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off the charts

In Case You Missed It...


This week on Off the Charts, we focused on the safety net, the Earned Income Tax Credit, the federal budget and taxes, health care, state budgets and taxes, unemployment insurance, the minimum wage, and Social Security.

  • On the safety net, we excerpted Robert Greenstein’s testimony before the House Budget Committee on trends in poverty over the last 50 years, the current state of the safety net, and how policymakers might work together to make progress going forward.  We highlighted his commentary explaining that the farm bill makes sound reforms to SNAP (formerly food stamps) while rejecting harsh cuts.  LaDonna Pavetti pointed to research findings on the success of a Recovery Act program that placed 260,000 low-income workers in subsidized jobs and she explained that several states have decided to use their own funds to create or expand subsidized jobs programs.
  • On the Earned Income Tax Credit (EITC), Chuck Marr explained that President Obama’s call to expand the EITC for childless workers positions Washington well to take this important step.  To mark EITC Awareness Day, we issued three pieces related to the EITC and its sibling, the Child Tax Credit, and we highlighted our updated Tax Credit Outreach website that provides key resources for workers who may be eligible for the credits.
  • On the federal budget and taxes, Chye-Ching Huang listed key facts and resources regarding a number of tax policies President Obama mentioned during his State of the Union address.
  • On health care, Edwin Park argued that a new Senate Republican proposal to repeal most of the Affordable Care Act would mean less coverage, higher costs, and fewer protections for consumers and he reiterated that the federal commitment to funding the Medicaid expansion stands.  January Angeles highlighted new estimates from Virginia’s Medicaid agency that show the expansion would actually save the state more than $1 billion through 2022.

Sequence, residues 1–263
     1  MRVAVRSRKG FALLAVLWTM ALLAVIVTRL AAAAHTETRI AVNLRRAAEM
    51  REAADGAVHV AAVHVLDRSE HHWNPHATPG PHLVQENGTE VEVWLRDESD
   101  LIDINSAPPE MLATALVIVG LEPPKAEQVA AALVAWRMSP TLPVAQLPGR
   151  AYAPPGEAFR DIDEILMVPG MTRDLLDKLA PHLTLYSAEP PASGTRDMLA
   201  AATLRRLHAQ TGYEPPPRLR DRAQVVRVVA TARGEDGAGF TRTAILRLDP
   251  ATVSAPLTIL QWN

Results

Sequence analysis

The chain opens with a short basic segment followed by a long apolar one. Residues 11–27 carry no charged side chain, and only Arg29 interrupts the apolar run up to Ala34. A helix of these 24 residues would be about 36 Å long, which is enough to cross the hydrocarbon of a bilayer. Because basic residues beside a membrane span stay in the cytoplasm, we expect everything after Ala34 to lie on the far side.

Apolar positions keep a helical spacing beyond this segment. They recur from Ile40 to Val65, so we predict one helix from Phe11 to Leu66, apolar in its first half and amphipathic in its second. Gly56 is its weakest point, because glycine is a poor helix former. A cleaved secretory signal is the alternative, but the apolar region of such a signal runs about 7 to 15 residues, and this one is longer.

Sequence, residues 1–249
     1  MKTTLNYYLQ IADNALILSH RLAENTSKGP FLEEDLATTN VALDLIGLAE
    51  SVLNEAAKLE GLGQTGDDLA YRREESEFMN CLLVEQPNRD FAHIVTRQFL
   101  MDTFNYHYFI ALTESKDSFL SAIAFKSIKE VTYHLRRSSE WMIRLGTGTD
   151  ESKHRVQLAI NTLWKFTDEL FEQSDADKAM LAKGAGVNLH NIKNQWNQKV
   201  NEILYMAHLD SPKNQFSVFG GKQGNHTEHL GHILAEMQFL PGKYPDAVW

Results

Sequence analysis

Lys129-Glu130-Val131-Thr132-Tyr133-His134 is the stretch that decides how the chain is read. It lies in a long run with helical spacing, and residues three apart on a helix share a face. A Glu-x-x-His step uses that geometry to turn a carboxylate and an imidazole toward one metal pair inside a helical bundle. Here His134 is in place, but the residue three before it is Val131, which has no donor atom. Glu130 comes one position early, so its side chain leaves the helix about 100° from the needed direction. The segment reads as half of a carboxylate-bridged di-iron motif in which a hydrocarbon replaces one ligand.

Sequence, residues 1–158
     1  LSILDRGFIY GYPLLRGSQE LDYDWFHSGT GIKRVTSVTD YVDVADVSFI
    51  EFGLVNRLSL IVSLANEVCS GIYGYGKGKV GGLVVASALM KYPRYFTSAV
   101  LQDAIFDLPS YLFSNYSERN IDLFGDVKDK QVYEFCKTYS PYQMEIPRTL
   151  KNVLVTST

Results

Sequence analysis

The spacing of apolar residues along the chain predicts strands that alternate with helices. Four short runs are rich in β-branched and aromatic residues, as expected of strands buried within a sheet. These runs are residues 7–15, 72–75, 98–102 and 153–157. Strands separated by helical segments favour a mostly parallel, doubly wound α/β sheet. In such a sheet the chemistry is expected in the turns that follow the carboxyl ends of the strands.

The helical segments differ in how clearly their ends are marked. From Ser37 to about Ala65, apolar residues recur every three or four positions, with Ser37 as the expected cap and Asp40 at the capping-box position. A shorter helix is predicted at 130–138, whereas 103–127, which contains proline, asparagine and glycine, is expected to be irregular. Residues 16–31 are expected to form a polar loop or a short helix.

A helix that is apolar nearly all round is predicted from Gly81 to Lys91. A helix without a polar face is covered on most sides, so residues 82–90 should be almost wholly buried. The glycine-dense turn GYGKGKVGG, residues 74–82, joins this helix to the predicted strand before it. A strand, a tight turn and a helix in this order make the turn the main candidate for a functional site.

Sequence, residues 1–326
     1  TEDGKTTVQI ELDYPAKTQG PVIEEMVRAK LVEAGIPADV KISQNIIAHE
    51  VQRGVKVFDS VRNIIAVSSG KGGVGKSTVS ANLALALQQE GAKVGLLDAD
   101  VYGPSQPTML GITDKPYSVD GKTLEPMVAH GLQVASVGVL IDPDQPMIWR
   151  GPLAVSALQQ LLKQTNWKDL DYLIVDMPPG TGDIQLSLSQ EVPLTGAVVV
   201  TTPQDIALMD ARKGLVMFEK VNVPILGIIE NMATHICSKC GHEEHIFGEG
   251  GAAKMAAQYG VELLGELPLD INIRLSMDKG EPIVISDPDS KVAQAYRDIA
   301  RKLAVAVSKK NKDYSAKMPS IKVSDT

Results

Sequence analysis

• On state budgets and taxes, Elizabeth McNichol pointed out that others are echoing the call for states to use caution before prematurely cutting taxes.
  • On unemployment insurance, Chad Stone listed three reasons why Congress should restart emergency jobless benefits.
  • On the minimum wage, Jared Bernstein explained that policymakers should pair a stronger minimum wage with an expanded EITC to help low-wage workers.
  • On Social Security, Kathy Ruffing argued that most of the growth in the number of disabled workers collecting Disability Insurance benefits stems from five demographic factors.

In other news, we issued papers on how states can adopt or expand EITCs to build a stronger future economy, how demographic changes have affected growth in Disability Insurance, and summarizing the nutrition title of the 2014 farm bill.  We also issued Robert Greenstein’s testimony before the House Budget Committee on poverty and the safety net and his commentary on the farm bill.  We updated our backgrounders on the EITC and the Child Tax Credit and our chart book on the legacy of the Great Recession.

CBPP’s Chart of the Week:


A variety of news outlets featured CBPP’s work and experts recently. Here are some highlights:

Enhancing the EITC Would Encourage Work and Reduce Poverty
January 28, 2014

Charts: Unemployment Benefits' Big Bang for the Buck
Mother Jones
January 28, 2014

17 Charts About Economic Inequality Obama Should Read Before The State of The Union
New Republic
January 27, 2014

Farm bill agreement heading to floor
January 27, 2014